In so many ways there is little difference between the Hetch Hetchy valley in Yosemite National Park, Celilo Falls on the Columbia River, Bears Ears in Utah, Standing Rock, the coastal plain of the Arctic National Wildlife Refuge, the Tongass National Forest, and the summit of Maunakea. In every instance, not only is there a tension between a transactional vs. relational approach to the land, but there is also one between the dominant western European, and an indigenous culture.
For an educator, providing a transformational experience for learners focused on relationships within systems can create a greater awareness of perspective than when focusing on individual elements. Many times, such an experience requires a slowing down, to decrease the sensory load, allowing nuances to emerge of how component parts interact in relationship. The creation or appreciation of art can provide such an experience, and park rangers in their interpretive practice do this on a regular basis as they tap into visitors’ affective realm. While a seemingly ordinary venue may provide such an experience, many times it is in the most spectacular places where we feel closest to nature. Indigenous peoples certainly recognized how some places evoke a greater feeling of relationship and perspective than others. Once such a place is gone, it is no consolation to point to it as an object lesson of what could have been.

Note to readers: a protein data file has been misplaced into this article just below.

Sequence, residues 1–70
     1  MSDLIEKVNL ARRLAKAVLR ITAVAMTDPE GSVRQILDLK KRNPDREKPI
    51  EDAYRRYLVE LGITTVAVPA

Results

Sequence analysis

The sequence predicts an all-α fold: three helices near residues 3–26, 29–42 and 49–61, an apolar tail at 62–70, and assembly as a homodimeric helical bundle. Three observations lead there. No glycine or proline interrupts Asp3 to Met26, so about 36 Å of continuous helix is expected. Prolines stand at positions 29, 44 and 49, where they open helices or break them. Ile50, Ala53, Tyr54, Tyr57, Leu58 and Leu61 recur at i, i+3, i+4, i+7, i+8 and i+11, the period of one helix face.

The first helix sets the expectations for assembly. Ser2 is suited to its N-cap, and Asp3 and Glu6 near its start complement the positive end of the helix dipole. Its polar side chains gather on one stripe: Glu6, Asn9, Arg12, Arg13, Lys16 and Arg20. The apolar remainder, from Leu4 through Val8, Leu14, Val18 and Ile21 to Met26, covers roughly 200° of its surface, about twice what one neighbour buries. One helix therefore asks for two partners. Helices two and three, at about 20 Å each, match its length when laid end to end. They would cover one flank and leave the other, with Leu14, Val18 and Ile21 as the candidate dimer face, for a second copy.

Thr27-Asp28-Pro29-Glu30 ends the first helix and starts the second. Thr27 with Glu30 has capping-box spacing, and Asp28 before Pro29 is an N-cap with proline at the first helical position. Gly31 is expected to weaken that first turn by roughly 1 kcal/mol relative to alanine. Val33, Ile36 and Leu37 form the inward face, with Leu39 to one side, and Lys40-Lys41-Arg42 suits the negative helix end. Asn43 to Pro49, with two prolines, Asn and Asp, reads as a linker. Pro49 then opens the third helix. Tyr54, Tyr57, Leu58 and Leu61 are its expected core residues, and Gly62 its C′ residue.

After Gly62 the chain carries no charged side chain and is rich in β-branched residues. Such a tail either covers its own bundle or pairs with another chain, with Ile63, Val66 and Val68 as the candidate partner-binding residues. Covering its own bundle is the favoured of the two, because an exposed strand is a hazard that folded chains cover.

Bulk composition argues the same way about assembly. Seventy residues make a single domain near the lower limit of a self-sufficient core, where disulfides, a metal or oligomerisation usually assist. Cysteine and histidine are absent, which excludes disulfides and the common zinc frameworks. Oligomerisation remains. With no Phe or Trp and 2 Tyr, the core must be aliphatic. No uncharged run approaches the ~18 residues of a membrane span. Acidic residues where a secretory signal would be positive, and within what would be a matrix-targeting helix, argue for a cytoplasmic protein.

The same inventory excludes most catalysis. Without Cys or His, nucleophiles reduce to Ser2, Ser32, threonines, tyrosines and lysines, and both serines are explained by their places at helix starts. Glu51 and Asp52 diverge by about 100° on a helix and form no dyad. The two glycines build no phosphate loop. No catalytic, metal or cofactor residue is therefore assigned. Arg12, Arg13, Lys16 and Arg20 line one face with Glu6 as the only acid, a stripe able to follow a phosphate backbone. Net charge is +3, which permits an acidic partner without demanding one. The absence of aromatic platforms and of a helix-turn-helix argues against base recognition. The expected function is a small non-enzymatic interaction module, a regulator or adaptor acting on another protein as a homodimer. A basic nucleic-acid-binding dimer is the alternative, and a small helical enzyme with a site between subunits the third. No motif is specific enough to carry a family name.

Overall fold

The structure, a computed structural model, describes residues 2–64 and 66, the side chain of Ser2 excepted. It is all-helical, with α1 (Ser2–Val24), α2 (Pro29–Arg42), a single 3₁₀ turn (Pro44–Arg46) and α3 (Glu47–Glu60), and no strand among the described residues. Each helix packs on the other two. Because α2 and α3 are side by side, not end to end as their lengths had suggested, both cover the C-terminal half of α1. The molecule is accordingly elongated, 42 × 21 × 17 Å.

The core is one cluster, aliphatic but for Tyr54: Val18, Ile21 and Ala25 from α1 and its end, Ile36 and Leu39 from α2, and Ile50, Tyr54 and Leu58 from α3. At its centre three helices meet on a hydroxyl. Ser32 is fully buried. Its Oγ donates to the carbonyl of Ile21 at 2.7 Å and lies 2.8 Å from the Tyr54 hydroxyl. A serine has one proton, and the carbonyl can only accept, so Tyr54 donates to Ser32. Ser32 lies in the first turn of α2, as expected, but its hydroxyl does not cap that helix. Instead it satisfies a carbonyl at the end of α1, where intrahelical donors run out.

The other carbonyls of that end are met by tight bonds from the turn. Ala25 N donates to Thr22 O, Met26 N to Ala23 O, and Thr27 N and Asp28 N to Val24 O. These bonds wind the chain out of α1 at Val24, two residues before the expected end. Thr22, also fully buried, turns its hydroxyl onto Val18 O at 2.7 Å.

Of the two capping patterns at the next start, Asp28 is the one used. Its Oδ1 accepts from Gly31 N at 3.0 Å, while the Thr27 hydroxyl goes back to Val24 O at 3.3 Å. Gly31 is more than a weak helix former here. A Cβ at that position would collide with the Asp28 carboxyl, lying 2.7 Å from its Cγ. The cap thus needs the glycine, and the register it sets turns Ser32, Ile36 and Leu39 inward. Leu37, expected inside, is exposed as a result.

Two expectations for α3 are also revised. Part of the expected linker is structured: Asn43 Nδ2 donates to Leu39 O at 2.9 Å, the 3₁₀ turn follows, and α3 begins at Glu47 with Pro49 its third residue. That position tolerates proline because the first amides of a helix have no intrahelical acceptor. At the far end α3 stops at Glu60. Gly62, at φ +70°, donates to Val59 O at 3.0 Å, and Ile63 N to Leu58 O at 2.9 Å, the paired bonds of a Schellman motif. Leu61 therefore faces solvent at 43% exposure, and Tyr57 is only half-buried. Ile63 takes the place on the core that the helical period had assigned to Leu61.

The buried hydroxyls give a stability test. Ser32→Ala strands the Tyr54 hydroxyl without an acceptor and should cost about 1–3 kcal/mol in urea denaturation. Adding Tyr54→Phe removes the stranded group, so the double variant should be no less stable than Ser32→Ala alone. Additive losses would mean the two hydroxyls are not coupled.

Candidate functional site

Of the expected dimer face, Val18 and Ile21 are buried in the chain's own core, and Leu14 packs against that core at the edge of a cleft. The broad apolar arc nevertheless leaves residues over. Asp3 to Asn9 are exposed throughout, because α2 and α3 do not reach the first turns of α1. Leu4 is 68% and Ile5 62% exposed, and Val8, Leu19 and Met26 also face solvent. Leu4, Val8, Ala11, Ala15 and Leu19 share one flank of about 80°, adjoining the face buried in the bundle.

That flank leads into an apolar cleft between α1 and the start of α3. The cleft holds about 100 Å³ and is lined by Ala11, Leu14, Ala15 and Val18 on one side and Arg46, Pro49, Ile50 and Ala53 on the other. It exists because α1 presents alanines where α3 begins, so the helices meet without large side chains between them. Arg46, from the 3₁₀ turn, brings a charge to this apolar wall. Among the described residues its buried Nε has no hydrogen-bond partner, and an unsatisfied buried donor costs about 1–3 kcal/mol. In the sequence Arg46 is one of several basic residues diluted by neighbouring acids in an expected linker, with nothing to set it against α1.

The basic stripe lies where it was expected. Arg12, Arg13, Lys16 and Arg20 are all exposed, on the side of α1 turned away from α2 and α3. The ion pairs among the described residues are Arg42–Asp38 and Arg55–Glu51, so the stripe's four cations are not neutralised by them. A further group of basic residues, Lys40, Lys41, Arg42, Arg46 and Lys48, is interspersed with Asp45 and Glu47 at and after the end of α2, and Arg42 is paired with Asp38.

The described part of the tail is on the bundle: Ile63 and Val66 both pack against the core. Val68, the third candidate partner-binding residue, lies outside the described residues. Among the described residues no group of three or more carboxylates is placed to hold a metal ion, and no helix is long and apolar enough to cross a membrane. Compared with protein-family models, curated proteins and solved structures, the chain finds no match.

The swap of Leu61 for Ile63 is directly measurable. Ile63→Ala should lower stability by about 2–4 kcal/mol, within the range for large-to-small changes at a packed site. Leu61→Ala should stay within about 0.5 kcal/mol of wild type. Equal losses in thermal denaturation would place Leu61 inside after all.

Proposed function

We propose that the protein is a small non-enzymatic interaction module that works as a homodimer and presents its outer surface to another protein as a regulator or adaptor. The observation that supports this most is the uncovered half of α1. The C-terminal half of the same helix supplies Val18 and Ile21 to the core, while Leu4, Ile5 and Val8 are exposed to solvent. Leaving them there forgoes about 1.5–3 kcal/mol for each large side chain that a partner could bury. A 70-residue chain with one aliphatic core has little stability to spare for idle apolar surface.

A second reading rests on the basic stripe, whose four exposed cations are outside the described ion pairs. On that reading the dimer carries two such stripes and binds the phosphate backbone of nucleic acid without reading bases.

Slowing down, one might sense the interconnectivity within a forest, or observe the sophisticated dynamics within groups of communal animals. To truly see the night sky may require stepping away from the eyepiece, taking in the depth of the vistas before you. We just might discover the truth John Muir knew: “When we try to pick out anything by itself, we find it hitched to everything else in the universe.”